Tag: family

The Truth About Abuse

It’s been a long while since I last updated my blog and I do apologize about that. I have been steadily busy with other things that at this moment right now, seem a little less important compared to what I am about to discuss. I want to talk to everyone about abuse. It’s something that we hear about and even see on the television. It’s not something that we’re unfamiliar with, right? Most of us, however, have never been abused or in an abusive relationship. That’s what we all think, yes? This is likely incorrect in more cases than we actually realize.

You see, abusive relationships come in all shapes and sizes. In some cases, in many actually, we can be abused and not even realize that it’s happening. We may never realize it’s happened, even after years have past. That’s why I wish to discuss this. I have friends, more than one, who have been in abusive relationships (romantic and otherwise) and it can be very scary.

A recent incident regarding an old friend of mine has really shaken me up about the lack of knowledge and understanding when it comes to abuse. First of all, what is abuse? Abuse is really quite simple by definition; it’s to treat a person or animal with cruelty or violence, sometimes regularly or repeatedly. This isn’t very informative though, now is it? On the television, we see abuse as a person hurting an animal physically or putting their hands on another human being, usually in the form of a hit or a grab. It usually leaves marks or bruises. In reality, abuse is so much more than that. It’s so much more than what we can see on a person or animal.

Outside of our televisions and media reports, there is a real world of abuse and violence that is much unlike what we would expect or understand. It goes far beyond grabbing and hitting. Abuse can take many forms. It can be the way someone speaks to you, how someone may speak about you, how they act towards you or your friends or even your family, it could even be what they say to you.

To start, let me bring to light the different forms of abuse and we can go from there.

Physical Abuse: This is the most common type of abuse. It’s the kind that we hear about on the television and through the media. This type of abuse is when a person grabs or hits another person in an act of violence. It’s not limited to hitting and grabbing. If another person is putting their hands on someone, in any type of violent action, it is considered physical abuse. In more cases than not, this kind of abuse can leave physical scars, marks, or even bruises.

Emotional Abuse: This can take the form of bullying or derogatory remarks. After a while, it can diminish our self-esteem and confidence. It leads us to feeling worthless. It’s not something that can be seen on the outside, but it can deeply effect us on the inside, leading to depression and even stress in some people. Some people after suffering this type of abuse can become withdrawn from others for they feel they’re no longer good enough to be around them. They  may shelter themselves away from friends and family and stay close to the abuser who they may feel is the only person who can stand having them around.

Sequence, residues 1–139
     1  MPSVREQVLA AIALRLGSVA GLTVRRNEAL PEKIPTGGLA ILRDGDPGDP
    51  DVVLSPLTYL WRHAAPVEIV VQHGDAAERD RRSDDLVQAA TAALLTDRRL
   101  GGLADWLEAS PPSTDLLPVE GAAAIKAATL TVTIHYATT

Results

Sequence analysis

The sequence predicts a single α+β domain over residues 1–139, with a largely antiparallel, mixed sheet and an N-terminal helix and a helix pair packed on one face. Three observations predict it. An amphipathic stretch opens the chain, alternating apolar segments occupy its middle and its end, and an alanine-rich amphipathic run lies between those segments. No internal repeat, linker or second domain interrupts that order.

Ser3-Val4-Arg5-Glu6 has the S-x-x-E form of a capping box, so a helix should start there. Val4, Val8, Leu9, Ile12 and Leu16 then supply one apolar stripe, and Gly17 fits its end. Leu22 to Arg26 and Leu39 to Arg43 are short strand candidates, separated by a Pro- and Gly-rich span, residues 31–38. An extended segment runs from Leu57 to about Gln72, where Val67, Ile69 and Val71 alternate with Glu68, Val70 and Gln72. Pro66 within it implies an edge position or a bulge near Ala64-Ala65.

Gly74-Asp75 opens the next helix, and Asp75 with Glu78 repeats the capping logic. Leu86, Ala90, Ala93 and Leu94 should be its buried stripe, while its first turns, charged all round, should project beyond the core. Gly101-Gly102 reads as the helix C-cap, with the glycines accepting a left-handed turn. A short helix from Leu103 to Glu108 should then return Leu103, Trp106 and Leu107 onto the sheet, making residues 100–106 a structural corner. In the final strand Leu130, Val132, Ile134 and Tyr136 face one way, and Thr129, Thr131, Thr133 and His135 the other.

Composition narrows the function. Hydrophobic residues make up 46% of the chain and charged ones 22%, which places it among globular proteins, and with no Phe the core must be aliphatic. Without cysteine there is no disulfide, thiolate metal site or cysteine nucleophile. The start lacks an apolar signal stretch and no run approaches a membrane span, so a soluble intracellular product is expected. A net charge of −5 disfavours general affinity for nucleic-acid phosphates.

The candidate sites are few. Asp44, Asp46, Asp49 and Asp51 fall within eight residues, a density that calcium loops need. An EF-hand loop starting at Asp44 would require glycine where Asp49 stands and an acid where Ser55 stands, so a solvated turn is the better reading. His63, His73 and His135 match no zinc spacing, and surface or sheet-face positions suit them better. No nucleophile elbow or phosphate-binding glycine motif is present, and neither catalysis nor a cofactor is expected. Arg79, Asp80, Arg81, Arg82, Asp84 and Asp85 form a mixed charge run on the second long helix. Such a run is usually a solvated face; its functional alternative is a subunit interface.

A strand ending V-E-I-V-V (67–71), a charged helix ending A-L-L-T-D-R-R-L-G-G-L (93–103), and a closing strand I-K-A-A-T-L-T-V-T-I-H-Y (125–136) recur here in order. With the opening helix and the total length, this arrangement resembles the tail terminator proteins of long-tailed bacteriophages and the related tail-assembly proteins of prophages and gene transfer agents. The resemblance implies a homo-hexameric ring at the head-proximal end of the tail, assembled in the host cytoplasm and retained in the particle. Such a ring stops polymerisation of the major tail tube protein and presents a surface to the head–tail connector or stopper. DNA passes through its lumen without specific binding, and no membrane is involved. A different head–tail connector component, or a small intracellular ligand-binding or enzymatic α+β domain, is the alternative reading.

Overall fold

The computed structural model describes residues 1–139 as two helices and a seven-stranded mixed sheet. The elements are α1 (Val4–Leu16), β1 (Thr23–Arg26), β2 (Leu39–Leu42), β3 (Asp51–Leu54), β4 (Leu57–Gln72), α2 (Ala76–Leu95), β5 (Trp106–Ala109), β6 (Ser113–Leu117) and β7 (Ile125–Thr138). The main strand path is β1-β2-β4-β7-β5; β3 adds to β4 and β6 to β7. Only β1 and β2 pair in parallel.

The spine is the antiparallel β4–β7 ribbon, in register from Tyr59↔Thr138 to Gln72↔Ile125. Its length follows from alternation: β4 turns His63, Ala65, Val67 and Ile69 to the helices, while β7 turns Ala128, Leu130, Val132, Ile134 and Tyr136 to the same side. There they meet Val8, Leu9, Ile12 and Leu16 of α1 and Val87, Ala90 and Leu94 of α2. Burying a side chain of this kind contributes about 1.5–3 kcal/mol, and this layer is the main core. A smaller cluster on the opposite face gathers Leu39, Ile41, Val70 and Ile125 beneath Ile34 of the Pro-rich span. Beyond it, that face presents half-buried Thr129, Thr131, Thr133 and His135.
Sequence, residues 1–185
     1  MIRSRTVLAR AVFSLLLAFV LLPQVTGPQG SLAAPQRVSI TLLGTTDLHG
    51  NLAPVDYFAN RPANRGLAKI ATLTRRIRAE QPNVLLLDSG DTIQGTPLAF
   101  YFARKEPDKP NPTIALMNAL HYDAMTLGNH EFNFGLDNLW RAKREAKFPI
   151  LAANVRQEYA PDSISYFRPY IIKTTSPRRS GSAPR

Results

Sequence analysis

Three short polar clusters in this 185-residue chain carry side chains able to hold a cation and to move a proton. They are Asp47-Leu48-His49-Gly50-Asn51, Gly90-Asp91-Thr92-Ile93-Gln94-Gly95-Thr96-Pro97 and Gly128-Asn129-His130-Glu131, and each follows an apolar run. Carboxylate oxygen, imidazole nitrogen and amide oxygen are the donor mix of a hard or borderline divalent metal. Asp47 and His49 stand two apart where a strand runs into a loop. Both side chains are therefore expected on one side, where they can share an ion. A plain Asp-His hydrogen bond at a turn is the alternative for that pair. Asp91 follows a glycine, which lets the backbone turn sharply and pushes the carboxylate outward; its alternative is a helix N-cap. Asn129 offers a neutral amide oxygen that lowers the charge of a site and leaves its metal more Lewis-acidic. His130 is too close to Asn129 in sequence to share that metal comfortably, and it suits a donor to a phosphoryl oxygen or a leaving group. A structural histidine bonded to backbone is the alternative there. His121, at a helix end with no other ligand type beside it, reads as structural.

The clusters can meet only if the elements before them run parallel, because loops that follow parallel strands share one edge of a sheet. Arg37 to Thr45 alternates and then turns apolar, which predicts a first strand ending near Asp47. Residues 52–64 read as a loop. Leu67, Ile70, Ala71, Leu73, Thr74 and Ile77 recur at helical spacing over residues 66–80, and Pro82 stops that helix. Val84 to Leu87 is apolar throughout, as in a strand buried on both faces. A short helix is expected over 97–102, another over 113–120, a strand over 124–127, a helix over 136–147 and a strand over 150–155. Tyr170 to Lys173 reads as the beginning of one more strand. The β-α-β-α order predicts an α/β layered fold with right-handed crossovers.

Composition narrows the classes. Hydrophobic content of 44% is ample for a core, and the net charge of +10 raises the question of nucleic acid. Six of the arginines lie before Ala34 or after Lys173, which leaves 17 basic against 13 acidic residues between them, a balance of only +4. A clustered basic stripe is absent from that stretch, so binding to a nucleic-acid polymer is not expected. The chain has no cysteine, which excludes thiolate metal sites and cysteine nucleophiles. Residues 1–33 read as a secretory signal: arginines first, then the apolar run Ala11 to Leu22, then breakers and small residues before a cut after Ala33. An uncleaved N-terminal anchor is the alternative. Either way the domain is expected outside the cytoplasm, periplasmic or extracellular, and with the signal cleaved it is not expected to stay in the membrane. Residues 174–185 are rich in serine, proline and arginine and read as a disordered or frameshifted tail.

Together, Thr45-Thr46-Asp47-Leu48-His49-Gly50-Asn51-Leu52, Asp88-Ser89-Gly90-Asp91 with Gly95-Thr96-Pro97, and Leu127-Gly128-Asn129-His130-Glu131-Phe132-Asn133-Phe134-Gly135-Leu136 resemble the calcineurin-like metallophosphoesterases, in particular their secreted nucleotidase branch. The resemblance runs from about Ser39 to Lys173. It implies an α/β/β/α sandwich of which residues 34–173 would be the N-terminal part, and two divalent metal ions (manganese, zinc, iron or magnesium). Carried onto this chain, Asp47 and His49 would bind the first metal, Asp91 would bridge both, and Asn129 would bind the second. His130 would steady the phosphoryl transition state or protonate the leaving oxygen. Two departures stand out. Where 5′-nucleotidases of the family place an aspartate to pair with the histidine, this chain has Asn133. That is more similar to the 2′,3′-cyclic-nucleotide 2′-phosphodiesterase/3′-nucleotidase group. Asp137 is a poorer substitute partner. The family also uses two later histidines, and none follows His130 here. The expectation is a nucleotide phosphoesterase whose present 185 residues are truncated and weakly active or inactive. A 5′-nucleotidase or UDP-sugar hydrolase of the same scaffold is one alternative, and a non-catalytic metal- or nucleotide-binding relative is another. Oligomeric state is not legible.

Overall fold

Sexual Abuse: We hear about this type of abuse often with children by adults, doing things that they really shouldn’t be. This type of abuse can happen with adults as well and even in relationships. Something many don’t realize is that you can be dating someone and still end up raped. It’s very frightening. Just because a person is dating someone, engaged, or even married to them does not mean they they can take advantage of their partner sexually. No still means no and it can still be considered rape. That’s what sexual abuse is really. It’s when a partner does things to use sexually that we may not be interested in doing.

Psychological Abuse: Also known as mental abuse. While we rarely hear of this kind of abuse, it is much more common than we often see or realize. It happens every day, even to us or around us. This type of abuse can take the form of threats, name calling, insults, control, social isolation, humiliating or derogatory comments, ignoring of, blatant disrespect (be it what they say about them, to them, or in actions), or anything really that can cause a long term effect in a person. Much like with emotional abuse, this can cause a person to suffer from social withdraw, depression, stress, anxiety, and in the worst case scenario, it can even cause mental disorder such as PTSD (post-traumatic stress disorder). Mental abuse is as dangerous to the mind as physical abuse is to the body. It is very real and very scary.

Verbal Abuse: Now this one often goes hand-in-hand with both emotional and psychological abuse. It’s, in fact, often the cause of those types of abuse. This is the type of abuse that we can hear. It doesn’t always happen to the person directly in the relationship. In some cases is can happen to the friends and family of that person. This is a form of control. The abuser may verbally abuse others around their partner in order to push those people away. This is so that they may isolate their partner, which is also abuse. This type of abuse can be disrespecting of their partner, name calling, threats, yelling or screaming at, blaming, and more. It can even be as simple as the tone in their voice.